When Should You Use Respiratory Protective Equipment?

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09 Jul 2018

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Croner’s Health & Safety Consultants visit a wide range of businesses every week, and these can be as diverse as country estates to kitchen door manufacturers. Senior Consultant Paul Logan discuses a common query across these businesses.

Recently a number of employers have contacted us asking if they have to provide face fit tests for employees being provided with disposable respiratory protective equipment by HSE and in some cases insurers. These employers have activities that may result in harmful substances contaminating the air in the form of dust, mist, vapour, gas or fume, generated when cutting materials such as stone, using volatile solvents, handling dusty powder, or possibly welding certain materials.

How do I know if respiratory protective equipment is needed?

Start with the assumption that the RPE is required based on a COSHH Risk Assessment. The hazard and risk information gathered in this risk assessment is required to select the correct RPE. This can include filtering respirators, tight fitting face pieces (masks) or loose fitting face pieces such as hoods or visors. You are required to provide RPE that is adequate and suitable to ensure the wearer is protected. This is not a new requirement.

Types of RPE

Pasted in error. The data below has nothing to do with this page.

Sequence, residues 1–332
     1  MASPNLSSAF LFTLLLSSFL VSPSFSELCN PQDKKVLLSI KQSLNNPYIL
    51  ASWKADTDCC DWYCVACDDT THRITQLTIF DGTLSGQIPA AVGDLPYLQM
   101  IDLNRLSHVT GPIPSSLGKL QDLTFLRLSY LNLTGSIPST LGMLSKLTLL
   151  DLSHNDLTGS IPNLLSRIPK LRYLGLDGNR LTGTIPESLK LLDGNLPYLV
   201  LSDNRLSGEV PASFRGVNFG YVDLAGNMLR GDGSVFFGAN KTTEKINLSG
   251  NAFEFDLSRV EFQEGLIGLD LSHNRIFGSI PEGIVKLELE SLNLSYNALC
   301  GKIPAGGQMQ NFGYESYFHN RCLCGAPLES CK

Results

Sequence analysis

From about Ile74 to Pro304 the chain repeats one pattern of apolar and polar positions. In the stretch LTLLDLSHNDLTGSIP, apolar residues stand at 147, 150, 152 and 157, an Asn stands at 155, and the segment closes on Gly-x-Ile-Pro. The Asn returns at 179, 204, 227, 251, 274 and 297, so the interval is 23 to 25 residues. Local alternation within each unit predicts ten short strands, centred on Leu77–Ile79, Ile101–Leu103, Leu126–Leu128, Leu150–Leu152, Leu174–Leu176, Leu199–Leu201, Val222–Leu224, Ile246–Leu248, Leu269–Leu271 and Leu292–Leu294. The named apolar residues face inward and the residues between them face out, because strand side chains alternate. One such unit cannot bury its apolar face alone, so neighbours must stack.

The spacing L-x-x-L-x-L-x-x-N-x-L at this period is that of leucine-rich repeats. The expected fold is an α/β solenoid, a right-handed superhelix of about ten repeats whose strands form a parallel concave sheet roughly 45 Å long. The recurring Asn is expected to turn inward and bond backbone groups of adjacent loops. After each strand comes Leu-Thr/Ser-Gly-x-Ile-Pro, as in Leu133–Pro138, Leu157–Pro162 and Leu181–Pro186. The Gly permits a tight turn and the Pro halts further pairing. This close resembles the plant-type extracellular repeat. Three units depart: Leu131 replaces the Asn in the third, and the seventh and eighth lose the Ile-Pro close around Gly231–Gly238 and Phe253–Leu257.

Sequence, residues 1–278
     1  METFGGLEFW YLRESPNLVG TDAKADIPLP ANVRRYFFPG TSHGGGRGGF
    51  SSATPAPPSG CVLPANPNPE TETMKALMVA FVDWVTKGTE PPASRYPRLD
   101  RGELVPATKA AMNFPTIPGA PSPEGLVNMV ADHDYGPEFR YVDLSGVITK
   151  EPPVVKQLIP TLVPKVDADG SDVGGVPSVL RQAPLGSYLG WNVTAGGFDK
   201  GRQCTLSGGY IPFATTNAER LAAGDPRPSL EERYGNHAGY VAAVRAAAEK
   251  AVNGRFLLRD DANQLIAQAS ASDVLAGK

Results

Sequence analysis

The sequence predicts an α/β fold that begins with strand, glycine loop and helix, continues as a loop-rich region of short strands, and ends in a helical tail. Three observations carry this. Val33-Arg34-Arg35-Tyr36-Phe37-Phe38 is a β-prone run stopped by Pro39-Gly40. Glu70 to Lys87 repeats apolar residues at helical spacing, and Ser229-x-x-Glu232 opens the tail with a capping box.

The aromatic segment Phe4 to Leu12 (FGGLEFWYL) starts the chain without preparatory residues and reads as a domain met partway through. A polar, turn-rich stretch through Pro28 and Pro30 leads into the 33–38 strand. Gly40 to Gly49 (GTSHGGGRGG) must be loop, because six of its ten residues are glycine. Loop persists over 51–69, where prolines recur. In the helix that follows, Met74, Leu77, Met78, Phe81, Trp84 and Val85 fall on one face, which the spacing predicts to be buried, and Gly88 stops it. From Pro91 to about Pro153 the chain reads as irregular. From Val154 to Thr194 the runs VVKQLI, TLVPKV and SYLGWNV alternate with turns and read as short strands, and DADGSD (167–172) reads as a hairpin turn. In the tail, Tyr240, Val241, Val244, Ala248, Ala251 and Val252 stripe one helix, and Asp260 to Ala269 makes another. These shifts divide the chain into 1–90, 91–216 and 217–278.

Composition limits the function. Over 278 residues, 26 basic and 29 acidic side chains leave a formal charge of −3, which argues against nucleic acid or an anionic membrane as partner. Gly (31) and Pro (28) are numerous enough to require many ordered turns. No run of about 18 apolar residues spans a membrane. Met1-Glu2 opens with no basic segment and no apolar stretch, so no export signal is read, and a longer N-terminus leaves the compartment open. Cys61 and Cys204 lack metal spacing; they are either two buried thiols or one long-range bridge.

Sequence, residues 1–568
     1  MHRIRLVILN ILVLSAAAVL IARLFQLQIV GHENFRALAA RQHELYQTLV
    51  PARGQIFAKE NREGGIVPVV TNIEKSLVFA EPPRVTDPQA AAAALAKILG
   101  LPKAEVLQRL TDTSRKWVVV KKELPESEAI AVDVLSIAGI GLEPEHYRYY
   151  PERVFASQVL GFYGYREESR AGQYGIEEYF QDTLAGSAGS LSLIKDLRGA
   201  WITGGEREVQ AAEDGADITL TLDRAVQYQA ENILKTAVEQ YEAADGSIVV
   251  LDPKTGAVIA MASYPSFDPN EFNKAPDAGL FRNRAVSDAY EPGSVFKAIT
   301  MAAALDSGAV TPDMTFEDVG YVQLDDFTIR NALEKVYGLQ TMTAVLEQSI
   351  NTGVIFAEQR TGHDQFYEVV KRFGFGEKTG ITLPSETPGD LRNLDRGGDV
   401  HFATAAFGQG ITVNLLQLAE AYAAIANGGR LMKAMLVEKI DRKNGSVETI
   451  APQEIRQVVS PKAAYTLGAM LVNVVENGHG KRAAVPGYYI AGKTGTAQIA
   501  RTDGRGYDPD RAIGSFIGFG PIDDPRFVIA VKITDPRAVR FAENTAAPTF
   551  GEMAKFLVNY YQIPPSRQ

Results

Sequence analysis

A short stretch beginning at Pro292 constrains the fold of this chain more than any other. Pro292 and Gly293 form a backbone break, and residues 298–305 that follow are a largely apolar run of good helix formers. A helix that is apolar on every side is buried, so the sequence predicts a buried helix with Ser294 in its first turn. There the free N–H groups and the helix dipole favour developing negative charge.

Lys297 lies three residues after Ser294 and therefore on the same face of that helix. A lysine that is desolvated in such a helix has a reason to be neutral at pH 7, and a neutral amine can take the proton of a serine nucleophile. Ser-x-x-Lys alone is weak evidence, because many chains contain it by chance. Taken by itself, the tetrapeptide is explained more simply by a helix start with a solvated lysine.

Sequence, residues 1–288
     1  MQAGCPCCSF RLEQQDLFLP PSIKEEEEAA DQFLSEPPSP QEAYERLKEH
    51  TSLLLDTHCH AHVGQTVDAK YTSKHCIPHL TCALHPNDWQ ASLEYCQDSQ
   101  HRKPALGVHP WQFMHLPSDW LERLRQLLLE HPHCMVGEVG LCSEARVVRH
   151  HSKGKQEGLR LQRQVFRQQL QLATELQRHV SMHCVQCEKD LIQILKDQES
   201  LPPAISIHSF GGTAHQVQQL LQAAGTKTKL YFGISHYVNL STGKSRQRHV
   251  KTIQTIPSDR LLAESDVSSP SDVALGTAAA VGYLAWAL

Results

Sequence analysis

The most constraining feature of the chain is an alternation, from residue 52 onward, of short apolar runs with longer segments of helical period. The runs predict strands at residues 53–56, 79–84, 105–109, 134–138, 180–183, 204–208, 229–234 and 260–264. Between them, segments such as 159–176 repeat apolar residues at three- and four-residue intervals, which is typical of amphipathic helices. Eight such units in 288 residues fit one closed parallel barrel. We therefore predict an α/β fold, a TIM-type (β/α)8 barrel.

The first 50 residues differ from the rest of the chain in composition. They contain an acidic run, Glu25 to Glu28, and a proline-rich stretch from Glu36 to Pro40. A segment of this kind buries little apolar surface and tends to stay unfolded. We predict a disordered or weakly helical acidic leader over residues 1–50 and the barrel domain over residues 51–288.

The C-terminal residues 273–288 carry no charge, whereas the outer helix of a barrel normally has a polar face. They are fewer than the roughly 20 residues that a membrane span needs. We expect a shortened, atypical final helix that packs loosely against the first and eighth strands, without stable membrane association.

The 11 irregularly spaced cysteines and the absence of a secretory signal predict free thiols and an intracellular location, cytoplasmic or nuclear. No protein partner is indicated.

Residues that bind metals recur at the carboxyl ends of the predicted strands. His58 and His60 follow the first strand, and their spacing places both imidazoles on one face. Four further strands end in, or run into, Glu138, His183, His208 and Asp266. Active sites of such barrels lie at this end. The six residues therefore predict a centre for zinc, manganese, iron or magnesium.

There are many different types of RPE designed to protect the wearer from a variety of hazards, suit the work situation, and match the specific requirements of the wearer. RPE is also available in different sizes to allow for facial differences of workers, taking into account gender, ethnicity, build etc. So essentially there isn’t a one fit fits all solution. This is why in order to determine what is adequate and suitable a Face Fit must be carried out by someone who is competent. If the RPE does not fit, it will not protect the wearer. Face Fit testing is a method of checking that a tight-fitting facepiece matches the wearer’s facial features and seals adequately to their face. It will also help to identify unsuitable facepieces that should not be used. Remember that tight-fitting RPE will only provide effective protection if the wearer is clean shaven, so they should also be clean shaven when fit tested.

What about beards, stubble etc

Many masks rely on a good seal against the face so that, when you breathe air in, it is drawn into the filter material where the air is cleaned. If there are any gaps around the edges of the mask, ‘dirty’ air will pass through these gaps and into your lungs. It is therefore very important that you put your mask on correctly and check for a good fit every time. Facial hair – stubble and beards – make it impossible to get a good seal of the mask to the face. If you are clean-shaven when wearing tight-fitting masks (ie those which rely on a good seal to the face), this will help prevent leakage of contaminated air around the edges of the mask and into your lungs. You will therefore be breathing in clean air, which will help you stay healthy.

What if an employee stops shaving or grows a beard?

If there are good reasons for having a beard (e.g. for medical or religious reasons), alternative forms of RPE, that do not rely on a tight fit to the face, such as loose fitting face pieces such as hoods or visors should be considered.

Speak to an Expert

For further information regarding RPE or any other Health & Safety issue, please contact our team of experts on 0808 145 3382

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